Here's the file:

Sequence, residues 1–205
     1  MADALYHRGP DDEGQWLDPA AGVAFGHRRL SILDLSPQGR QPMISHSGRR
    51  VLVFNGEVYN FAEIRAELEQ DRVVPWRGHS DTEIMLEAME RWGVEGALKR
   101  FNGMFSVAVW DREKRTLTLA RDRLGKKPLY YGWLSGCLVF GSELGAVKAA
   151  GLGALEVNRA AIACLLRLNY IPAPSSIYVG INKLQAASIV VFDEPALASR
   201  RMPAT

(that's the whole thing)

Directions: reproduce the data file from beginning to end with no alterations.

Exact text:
Sequence, residues 1–205
     1  MADALYHRGP DDEGQWLDPA AGVAFGHRRL SILDLSPQGR QPMISHSGRR
    51  VLVFNGEVYN FAEIRAELEQ DRVVPWRGHS DTEIMLEAME RWGVEGALKR
   101  FNGMFSVAVW DREKRTLTLA RDRLGKKPLY YGWLSGCLVF GSELGAVKAA
   151  GLGALEVNRA AIACLLRLNY IPAPSSIYVG INKLQAASIV VFDEPALASR
   201  RMPAT